Rare Mutation May Protect Against Diabetes
A revolutionary study may potentially offer a future where type 2 diabetes is protected against with more than just diet and exercise. The study was based on genetic testing of 150,000 people and has found a rare mutation that lowers the risk of diabetes hugely, prompting drug companies to look in that direction for a drug to mimic the effects. The companies that helped to finance the study, Pfizer and Amgen, are already starting programs aimed at developing drugs that act like the mutation; the drugs could eventually limit the number of people who depend on medications daily, as well as resulting in fewer people needing to purchase supplies for diabetes such as Accuchek lancets or FreeStyle lite testing strips.
The mutation that the study’s researchers discovered protects even those who are overweight and obese from developing the chronic disease by destroying a gene used by pancreas cells. The study was published in Nature Genetics, and followed a mutation so rare that finding it has only recently become possible. Louis Philipson, director of the Kovler Diabetes Center at the University of Chicago noted that this is the first time in diabetes research that a mutation that destroys a gene has proved beneficial—in fact, the same mutation in some strains of mice doesn’t protect against diabetes but instead causes diabetes in the animals. The study began with 28,000 study participants from Finland and Sweden who had been studied for years. One group of 352 people developed type 2 diabetes in spite of their lack of traditional risk factors: they were lean and did not smoke. These individuals of course require supplies for diabetes, as well as medications.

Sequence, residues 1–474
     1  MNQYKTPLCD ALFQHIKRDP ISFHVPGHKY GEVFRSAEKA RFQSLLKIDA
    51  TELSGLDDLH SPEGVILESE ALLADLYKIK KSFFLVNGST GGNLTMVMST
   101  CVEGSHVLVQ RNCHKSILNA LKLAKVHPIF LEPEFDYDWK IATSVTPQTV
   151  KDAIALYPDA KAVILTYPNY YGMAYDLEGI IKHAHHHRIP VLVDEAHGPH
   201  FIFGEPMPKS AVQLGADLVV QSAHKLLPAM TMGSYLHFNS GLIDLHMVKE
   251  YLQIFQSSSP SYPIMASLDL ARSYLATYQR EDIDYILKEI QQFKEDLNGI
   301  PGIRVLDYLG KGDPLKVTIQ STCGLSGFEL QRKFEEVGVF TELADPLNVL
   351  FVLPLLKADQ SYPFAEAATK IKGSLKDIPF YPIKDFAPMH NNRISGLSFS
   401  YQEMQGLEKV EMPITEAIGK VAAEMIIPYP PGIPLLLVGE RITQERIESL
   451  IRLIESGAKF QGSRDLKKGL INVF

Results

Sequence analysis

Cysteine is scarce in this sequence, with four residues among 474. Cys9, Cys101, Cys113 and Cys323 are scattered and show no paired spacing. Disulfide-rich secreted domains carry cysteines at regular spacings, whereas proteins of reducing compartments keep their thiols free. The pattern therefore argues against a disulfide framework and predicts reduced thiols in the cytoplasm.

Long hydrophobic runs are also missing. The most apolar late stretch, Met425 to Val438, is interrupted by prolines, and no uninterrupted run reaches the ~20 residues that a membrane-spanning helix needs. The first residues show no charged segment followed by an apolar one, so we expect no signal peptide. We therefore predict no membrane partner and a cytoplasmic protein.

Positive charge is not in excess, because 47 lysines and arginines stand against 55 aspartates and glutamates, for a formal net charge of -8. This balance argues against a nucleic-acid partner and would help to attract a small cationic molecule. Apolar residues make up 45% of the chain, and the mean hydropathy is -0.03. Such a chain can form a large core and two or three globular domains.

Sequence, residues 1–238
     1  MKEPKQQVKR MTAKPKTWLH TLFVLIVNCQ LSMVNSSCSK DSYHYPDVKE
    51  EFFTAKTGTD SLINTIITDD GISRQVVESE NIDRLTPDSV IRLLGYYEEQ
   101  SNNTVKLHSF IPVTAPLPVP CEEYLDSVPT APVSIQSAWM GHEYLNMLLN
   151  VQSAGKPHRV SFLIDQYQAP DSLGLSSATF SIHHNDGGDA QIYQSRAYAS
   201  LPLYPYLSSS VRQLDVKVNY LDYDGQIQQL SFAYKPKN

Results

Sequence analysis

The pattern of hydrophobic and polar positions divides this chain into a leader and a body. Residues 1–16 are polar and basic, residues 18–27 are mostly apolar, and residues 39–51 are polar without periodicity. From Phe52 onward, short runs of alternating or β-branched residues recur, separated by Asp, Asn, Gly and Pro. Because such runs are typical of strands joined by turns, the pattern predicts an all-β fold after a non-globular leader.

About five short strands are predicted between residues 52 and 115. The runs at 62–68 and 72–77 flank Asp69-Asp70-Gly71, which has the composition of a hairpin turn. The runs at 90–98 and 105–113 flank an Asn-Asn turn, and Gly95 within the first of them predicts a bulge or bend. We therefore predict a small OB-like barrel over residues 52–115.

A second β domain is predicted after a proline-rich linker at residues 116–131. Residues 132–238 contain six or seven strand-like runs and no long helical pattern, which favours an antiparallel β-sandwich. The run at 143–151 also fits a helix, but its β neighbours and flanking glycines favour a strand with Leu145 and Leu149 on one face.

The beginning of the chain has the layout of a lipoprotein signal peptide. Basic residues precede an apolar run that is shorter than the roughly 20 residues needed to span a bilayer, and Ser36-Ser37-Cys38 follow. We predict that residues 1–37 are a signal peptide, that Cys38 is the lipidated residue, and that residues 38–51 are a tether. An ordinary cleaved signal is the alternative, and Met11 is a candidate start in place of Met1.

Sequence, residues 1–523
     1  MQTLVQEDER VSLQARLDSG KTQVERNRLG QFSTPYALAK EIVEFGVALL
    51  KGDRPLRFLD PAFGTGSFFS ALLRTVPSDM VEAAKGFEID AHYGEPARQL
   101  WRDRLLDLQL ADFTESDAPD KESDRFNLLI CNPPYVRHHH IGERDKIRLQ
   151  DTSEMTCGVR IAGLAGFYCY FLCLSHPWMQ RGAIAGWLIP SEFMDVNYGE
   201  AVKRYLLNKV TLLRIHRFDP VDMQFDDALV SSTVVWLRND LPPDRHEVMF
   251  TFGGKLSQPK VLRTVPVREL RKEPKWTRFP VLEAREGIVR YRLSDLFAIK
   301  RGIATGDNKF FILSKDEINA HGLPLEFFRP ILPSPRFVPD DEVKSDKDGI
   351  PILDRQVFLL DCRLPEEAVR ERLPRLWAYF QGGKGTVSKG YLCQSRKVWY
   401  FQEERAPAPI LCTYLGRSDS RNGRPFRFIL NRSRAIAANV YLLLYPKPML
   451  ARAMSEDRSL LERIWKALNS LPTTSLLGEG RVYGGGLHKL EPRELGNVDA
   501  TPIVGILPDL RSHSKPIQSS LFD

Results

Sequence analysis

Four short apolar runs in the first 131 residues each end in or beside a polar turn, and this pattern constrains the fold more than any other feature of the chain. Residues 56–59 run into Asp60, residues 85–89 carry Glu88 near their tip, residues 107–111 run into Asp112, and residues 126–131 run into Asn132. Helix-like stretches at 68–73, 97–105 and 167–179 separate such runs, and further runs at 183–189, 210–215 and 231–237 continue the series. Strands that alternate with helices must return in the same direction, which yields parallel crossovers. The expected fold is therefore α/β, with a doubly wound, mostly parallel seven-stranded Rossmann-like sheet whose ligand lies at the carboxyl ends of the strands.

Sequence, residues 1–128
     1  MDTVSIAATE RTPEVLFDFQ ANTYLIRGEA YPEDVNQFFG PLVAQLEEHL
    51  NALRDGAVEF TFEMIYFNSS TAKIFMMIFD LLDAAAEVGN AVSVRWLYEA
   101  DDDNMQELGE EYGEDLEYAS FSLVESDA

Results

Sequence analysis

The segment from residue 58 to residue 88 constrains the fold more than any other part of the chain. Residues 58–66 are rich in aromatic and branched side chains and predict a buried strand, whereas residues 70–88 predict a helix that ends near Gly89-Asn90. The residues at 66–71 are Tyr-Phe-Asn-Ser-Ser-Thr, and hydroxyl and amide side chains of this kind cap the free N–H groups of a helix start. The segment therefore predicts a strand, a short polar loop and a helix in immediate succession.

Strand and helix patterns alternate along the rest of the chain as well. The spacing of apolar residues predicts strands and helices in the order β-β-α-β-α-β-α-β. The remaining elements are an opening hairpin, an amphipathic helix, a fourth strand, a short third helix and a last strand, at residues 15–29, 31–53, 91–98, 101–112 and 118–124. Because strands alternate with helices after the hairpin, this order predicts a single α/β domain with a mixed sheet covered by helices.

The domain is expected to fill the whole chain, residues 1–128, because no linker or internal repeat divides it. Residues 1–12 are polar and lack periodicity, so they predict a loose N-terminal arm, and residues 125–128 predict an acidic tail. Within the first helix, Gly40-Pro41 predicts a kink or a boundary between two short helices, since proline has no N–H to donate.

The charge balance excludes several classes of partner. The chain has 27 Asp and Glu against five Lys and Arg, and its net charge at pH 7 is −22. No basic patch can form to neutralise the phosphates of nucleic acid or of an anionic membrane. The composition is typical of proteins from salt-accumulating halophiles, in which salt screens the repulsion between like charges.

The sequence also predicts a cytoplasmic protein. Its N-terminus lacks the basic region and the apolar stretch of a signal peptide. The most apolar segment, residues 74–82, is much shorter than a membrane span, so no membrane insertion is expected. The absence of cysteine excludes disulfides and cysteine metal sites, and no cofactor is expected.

Another group, however, was the exact opposite; in spite of the fact that they had bad habits—being overweight, drinking, and smoking, as well as being in a high-risk age group, they didn’t have diabetes. Two of those in the study belonging to that mystery group turned out to have a mutation that destroyed one copy of a particular gene, called ZnT8. The researchers expanded their work, studying the genes of 18,000 people in Sweden of all groups—and found another 31 people who seemed protected from diabetes with that same mutation. Eventually, they were able to get access to more data through Amgen’s genetic database and other resources and came to discover that while 39 people out of 5,440 who had the mutation did not have diabetes, only nine out of 3,727 people with the mutation developed diabetes. Those with the mutation have their risk reduced by two thirds versus those who do not. Pfizer, among others, is interested in the research as an opportunity to create new drugs. Patients with diabetes spend a great deal of money annually on diabetic supplies such as Accuchek lancets and FreeStyle lite testing strips; medications that currently exist for type 2 diabetes also have a number of side effects. Of course, it is important to note that it can take from 10 to 20 years to get a drug on the market after discovering something new about human genetics and disease. But the possibility of hope is great.